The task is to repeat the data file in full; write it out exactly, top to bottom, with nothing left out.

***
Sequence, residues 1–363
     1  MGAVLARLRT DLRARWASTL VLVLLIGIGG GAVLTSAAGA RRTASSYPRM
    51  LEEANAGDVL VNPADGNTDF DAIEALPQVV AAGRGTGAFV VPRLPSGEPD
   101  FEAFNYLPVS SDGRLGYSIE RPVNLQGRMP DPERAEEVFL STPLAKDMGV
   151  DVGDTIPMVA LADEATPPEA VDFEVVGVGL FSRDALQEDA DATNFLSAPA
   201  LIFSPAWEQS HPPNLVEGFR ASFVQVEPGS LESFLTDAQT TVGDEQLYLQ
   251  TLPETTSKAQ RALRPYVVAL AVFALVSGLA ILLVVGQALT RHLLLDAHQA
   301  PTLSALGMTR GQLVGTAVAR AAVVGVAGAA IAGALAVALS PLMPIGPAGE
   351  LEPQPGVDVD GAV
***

Sequence, residues 1–363
     1  MGAVLARLRT DLRARWASTL VLVLLIGIGG GAVLTSAAGA RRTASSYPRM
    51  LEEANAGDVL VNPADGNTDF DAIEALPQVV AAGRGTGAFV VPRLPSGEPD
   101  FEAFNYLPVS SDGRLGYSIE RPVNLQGRMP DPERAEEVFL STPLAKDMGV
   151  DVGDTIPMVA LADEATPPEA VDFEVVGVGL FSRDALQEDA DATNFLSAPA
   201  LIFSPAWEQS HPPNLVEGFR ASFVQVEPGS LESFLTDAQT TVGDEQLYLQ
   251  TLPETTSKAQ RALRPYVVAL AVFALVSGLA ILLVVGQALT RHLLLDAHQA
   301  PTLSALGMTR GQLVGTAVAR AAVVGVAGAA IAGALAVALS PLMPIGPAGE
   351  LEPQPGVDVD GAV